Ron McGuire: To Be Impoverished By Fighting The Good Fight

The underlying case, Husain v. Springer, received less than universal support. At Volokh Conspiracy, Eugene wasn’t a fan.

What makes this a strange First Amendment case, of course, is that the newspaper wasn’t ordered to stop speaking. Nor was it threatened with loss of funding or any other tangible loss for not speaking. Rather, it was threatened with frustration of its purpose — “if you keep endorsing candidates, we’ll make sure that your endorsed candidates don’t get elected.”

I’m unaware of any First Amendment case that remotely reaches this sort of “chill[ing of] speech”; and such behavior by the government seems quite far from the sort of government actions that the law has recognized as triggering the First Amendment. This alone, it seems to me, should have led to the conclusion that the president enjoyed qualified immunity (something the Second Circuit did not conclude).

FIRE took a more generous view of the First Amendment rights at stake.

Even if Volokh is ultimately correct that President Springer’s actions were immune to First Amendment scrutiny because she did not target the student journalists’ speech itself, the intent—however benign—of an administrator’s policies must be scrupulously balanced against their tangible effects when the subject of regulation is something as delicate, yet consequential, as free speech rights.

And the two-judge majority of the Second Circuit held that the actions of the President of Staten Island College, who canceled the 1997 student elections in response to the college paper’s editorial about them, was undeserving of qualified immunity because it may have violated a clearly established right.

The third judge on the panel, Chief Judge Dennis Jacobs, not only disagreed, but announced in his dissent that the case was so unworthy of the court’s time that he didn’t bother to read the majority decision.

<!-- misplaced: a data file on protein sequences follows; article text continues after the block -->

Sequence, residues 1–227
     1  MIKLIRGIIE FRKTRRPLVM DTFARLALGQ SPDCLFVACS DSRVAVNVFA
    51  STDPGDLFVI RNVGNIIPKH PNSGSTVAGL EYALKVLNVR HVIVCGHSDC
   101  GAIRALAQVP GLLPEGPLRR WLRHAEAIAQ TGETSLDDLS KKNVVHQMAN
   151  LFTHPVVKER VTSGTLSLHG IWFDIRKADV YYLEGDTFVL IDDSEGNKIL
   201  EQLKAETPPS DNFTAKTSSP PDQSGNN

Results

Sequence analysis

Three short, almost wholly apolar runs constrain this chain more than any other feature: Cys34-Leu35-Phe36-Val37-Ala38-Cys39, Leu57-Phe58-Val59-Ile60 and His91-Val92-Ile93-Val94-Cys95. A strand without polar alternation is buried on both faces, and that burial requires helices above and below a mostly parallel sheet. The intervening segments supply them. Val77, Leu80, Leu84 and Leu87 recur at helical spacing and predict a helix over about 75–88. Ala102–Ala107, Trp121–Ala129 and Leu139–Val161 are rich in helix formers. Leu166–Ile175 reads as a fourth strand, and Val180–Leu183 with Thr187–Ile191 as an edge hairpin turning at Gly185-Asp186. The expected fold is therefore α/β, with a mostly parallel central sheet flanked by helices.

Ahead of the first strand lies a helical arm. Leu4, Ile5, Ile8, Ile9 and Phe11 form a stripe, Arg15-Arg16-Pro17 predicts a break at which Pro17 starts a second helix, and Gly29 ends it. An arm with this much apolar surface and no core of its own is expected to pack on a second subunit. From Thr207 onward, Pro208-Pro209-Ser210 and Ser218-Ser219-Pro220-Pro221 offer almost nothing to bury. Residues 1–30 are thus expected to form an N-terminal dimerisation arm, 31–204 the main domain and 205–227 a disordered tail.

Chief Judge Jacobs wrote a dissent where he noted he did not read the majority opinion, insisted that “[t]his is a case about nothing,” that the case was a “slow-motion tantrum by children,” and that the newspaper in question was “illiterate piffle.”

Judge Jacobs felt the case was about “nothing” because the students had already graduated and were only asking for nominal damages of one dollar each.

Illiterate piffle or not, there was a lawyer who made the decision to take on the cause on behalf of the campus paper, and the First Amendment.  His name is Ron McGuire.  No one has made a Lifetime movie about him or the 19 years he spent, pro bono, representing the students who challenged the president of Staten Island College.  No one calls him a “First Amendment badass,” or offers an homage for his efforts.

The case resolved, in part, by the college using a procedural ploy available under New York State law, agreeing to pay the compensatory damages without conceding fault, and thus circumventing the dispute. Except the damage demand was for $1 per plaintiff, for a grand total of $9.  Under § 1983, the lawyer representing the prevailing plaintiffs would be entitled to attorneys fees.  McGuire took a huge personal chance in taking on the case, as there is never a guarantee of winning, and did so without an assurance he would ever get a dime for his efforts.

But he won. Ron McGuire won. Despite Eugene. And now, 19 years later, his circumstances were somewhat dire.

McGuire, 67, who dedicated his career to representing CUNY students and others pro bono for 25 years, faced serious health issues in recent years, and looked forward to the anticipated fee award to wind down his practice to concentrate on his health and to provide funds for his retirement. Instead, because of Judge Jacobs’ decision, he says he is facing poverty and ruin.

On the one hand, you can say, “hey, you rolled the dice and lost. Too bad for you.” But he didn’t lose. And what makes this a bad thing for the rest of us?

It was a stern warning to any lawyer who considers defending the rights of students on a pro bono basis: Take their case and you’ll get the equivalent of poverty wages.

It also gave autocratic administrators, like those at the City University of New York, a huge incentive to deny students their constitutional rights. Why not? No one competent will represent them in court if that lawyer will get stiffed on fees.